Men’s Rowing Walk-Ons
Rowing is a regional sport and it can be difficult for some athletes to get access to rowing if they do not live near a body of water, and hence, a rowing team. This accounts for why men’s collegiate rowing has a relatively high ratio of walk-on athletes. For athletes that don’t have rowing experience, there are plenty of opportunities to compete at the college level. For the most part, if you have good academics, are strategic about where you attend school and are set on rowing in college, it is likely that you will get a chance to row—either for a varsity or club team. In this section, we provide information about basic rowing terminology and how to walk on to a men’s college rowing team.
What teams offer roster spots for walk-ons?
Walk-ons make up a good portion of varsity rowing rosters at all but the most accomplished teams. While there may be few walk-on spots available at elite programs, there are plenty of athletes without rowing experience that earn roster spots on strong teams. However, tryouts and competition for varsity programs can be intense, and walk-ons will have to exhibit raw athletic ability.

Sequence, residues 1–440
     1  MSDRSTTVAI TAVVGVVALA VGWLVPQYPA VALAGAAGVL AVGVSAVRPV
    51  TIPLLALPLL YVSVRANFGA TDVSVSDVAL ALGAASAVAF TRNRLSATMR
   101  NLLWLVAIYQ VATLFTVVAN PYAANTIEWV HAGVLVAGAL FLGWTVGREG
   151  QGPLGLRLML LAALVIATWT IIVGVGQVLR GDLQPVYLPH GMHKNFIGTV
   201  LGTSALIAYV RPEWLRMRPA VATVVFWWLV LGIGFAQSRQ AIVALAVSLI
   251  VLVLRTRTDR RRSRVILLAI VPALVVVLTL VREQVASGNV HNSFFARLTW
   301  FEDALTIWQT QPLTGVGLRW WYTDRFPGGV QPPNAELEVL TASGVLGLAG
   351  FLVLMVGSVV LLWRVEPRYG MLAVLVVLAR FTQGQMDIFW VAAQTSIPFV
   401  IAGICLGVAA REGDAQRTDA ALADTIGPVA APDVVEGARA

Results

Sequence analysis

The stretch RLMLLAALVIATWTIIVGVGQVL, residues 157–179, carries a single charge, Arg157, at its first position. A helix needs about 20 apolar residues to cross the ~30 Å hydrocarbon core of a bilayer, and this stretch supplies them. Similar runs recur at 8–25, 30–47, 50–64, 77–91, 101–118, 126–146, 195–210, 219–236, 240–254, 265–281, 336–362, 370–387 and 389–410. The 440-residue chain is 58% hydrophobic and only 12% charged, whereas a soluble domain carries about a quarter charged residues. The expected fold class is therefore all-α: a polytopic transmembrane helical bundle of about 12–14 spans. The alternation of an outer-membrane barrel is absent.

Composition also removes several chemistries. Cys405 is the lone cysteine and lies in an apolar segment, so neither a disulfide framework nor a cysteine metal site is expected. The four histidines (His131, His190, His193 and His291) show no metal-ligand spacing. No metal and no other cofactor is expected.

In regard to non-varsity club programs, some teams entirely avoid cutting athletes from their roster as long as they are willing to show up and give 100% effort on a daily basis. The top tier of club programs includes teams that usually have experienced high school and club rowers on their roster, but most rowers start as novices. While it may be difficult to win a seat in the varsity eight at a club program, there are many opportunities to row in smaller boats and non-championship races.
What is a novice in rowing?
Because rowing is such a technical sport and there are many walk-ons just learning how to row in college, races have a category for novices, meaning first-year college rowers. However, novices can also row for varsity boats if a coach deems them good enough to compete at that level. This depends on the program.
There are many boating-related terms in rowing that beginners are unlikely to know. Here are just some that USRowing recommends reviewing:
- Bow: The forward section of the boat. The first part of the boat to cross the finish line. The person in the seat closest to the bow, who crosses the finish line first.
- Coxswain: Person who steers the shell and is the on-the-water coach for the crew. Most races require the coxswain to weigh 120 pounds and can add a sandbag to the boat to make up the difference.
- Deck: The covered part of the shell at the bow and stern.
- Ergometer: Rowers call it an “erg.” It’s a rowing machine that closely approximates the actual rowing motion.
- Gate: The bar across the oarlock that keeps the oar in place.
- Oar: Used to drive the boat forward -- rowers do not use paddles.
- Port: Left side of the boat, while facing forward, in the direction of the movement.
- Power 10: A call for rowers to do 10 of their best, most powerful strokes. It’s a strategy used to pull ahead of a competitor.
- Regatta: A series of boat races.
- Rigger: The triangular shaped metal device that is bolted onto the side of the boat and holds the oars.